When students own their own learning, they are more engaged and personally invested in the outcome. One of the keys to implementing storyline pedagogy effectively is allowing the students’ own questions to drive the storyline. In this model, teachers are co-creating an understanding with their students. For students, it is an understanding of the lesson’s big ideas, and for teachers, it is an understanding of the dimensions of their student’s learning. To engage in deeper learning, students need a safe space where intellectual risk taking is protected and encouraged. Processes and frameworks can be put in place to allow them to be creative, take risks, and create on their own. As co-creators in the classroom, a teacher’s role is different, but even more important than transferring knowledge.
NGSS Storylines, Co-Creating, and Intellectual Risk Taking
Storyline pedagogy is constructivist. This means that the ideas students investigate and learn are constructed, not transferred from teacher to student. When engaging in an NGSS storyline, the students are the ones selecting the problem they want to solve. As they plan and conduct their own investigation, they are building mastery of core concepts. This new knowledge comes from the students’ own thinking and direct interaction with the phenomena.
Deeper learning occurs when students are engaged in reasoning and extending that reasoning. When students construct their own knowledge, rather than having it transferred from a book or teacher, their engagement with the content is deeper and more personal. In essence, students are creating personal meaning within the discipline, while the practices of science and engineering become part of their identity as a learner. This is the foundation of deeper learning and true mastery.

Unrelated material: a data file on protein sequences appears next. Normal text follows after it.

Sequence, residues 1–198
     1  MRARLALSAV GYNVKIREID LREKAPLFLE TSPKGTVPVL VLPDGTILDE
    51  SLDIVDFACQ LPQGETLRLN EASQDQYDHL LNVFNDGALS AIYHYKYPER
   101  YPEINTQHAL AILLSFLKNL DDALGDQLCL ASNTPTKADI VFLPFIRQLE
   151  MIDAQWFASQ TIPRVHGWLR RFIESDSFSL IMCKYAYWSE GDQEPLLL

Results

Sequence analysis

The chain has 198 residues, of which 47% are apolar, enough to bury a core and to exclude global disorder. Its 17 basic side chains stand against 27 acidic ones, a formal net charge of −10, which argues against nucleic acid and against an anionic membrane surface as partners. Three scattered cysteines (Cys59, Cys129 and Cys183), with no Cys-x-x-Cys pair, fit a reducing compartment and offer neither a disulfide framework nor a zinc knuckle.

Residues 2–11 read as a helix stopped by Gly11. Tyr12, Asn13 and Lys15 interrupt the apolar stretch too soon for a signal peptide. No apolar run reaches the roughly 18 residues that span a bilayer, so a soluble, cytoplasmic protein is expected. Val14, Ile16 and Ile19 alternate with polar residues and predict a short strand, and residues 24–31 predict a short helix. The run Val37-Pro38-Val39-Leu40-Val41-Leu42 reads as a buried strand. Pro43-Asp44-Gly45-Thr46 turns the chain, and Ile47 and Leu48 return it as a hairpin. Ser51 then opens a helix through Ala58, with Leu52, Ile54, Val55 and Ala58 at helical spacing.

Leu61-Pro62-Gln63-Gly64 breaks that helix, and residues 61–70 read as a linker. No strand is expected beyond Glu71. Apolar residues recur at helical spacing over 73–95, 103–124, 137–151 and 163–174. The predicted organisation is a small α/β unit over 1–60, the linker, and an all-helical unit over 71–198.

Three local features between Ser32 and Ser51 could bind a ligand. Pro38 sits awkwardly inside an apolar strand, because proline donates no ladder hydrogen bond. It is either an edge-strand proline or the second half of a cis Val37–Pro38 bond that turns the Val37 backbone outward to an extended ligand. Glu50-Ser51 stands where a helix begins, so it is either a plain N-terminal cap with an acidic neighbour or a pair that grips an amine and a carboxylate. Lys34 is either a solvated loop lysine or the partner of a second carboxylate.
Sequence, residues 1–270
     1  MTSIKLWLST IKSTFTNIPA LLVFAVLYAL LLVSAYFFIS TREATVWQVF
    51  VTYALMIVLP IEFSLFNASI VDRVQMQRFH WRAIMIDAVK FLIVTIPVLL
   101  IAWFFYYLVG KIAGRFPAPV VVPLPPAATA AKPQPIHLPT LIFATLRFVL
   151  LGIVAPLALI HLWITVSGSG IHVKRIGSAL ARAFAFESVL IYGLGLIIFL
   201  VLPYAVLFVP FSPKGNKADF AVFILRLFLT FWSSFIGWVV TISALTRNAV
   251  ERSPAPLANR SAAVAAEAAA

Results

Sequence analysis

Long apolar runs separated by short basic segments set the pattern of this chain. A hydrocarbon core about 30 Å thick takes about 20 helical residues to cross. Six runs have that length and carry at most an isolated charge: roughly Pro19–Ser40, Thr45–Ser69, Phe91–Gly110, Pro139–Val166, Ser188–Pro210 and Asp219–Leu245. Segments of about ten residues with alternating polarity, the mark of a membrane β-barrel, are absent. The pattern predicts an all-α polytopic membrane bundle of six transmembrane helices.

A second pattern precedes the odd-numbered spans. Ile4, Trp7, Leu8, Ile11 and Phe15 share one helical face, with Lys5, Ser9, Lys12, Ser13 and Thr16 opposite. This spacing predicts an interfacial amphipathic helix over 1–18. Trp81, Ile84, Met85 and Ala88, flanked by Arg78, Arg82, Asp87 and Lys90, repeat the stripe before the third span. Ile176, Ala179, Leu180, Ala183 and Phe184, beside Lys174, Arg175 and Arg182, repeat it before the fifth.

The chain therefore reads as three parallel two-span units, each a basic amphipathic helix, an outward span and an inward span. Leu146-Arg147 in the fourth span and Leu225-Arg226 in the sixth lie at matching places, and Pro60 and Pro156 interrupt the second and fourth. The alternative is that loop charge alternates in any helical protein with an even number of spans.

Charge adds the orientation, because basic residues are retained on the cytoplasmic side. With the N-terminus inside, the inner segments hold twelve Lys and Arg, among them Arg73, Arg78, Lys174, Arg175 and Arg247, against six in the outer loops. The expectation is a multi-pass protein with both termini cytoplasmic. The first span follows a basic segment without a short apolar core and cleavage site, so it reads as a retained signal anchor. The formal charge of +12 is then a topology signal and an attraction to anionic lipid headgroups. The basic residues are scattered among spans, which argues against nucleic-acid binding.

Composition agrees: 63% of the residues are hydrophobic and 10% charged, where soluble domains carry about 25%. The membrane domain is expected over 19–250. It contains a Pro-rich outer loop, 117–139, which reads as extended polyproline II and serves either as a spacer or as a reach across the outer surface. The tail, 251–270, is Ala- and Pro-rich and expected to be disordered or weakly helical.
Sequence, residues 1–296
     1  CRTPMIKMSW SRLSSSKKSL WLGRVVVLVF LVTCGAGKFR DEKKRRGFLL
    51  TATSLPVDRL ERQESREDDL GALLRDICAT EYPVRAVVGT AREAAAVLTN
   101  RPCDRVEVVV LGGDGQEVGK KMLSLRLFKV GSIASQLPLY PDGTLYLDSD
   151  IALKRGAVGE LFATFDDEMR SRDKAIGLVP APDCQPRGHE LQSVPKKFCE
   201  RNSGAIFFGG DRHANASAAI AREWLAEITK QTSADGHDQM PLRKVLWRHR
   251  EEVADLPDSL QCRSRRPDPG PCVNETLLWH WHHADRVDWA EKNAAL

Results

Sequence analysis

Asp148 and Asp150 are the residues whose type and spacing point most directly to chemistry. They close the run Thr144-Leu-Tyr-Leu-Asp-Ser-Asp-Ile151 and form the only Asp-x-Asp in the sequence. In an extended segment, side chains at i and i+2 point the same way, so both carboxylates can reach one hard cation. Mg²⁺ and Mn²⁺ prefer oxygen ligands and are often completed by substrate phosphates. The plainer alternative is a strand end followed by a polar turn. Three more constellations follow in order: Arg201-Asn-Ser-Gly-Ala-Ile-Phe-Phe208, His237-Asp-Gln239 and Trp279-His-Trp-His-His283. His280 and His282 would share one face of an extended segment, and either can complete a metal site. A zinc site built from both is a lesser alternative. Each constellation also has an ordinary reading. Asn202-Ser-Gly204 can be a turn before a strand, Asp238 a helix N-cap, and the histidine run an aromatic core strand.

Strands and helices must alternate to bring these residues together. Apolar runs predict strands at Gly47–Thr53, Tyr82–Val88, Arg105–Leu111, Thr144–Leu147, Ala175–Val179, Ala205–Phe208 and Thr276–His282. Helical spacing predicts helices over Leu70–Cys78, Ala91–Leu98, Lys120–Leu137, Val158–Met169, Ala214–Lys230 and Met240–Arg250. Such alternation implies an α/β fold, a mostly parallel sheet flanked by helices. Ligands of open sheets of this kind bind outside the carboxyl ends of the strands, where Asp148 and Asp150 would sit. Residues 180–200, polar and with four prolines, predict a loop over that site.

Each episode of a storyline is an opportunity for students to better understand the world around them. They are interacting with real-world problems and events that they have a personal interest in, because they selected what they wanted to investigate. But if students are not comfortable being curious in the classroom and working together with their peers, the storyline cannot progress. This level of rigor requires intellectual risk taking and a safe space to try new things without fear. The key to success is co-creation between student and teacher. When students take the lead with the help of classroom routines, they are building the tools they need to figure out complex problems in the real world.
When students make mistakes in this type of environment, just like scientists and engineers do, they learn from what went wrong. They use that knowledge in the next episode of the storyline. When the students succeed at figuring out a problem they chose to investigate, they learn how to use reasoning and investigation as a way of answering questions and solving real-world problems.
Release of Responsibility and Deeper Learning with Storylines
Storyline pedagogy challenges students to answer a question or solve a problem that is personally meaningful to them. The storyline is built on their own questions, created through unscripted episodes of student-led discovery. To allow for this high level of rigor in the classroom, each part of an NGSS storyline should have clear expectations and processes. Rather than controlling a students’ thinking, we can give them the freedom to act within a framework of expectations in order to achieve a set goal.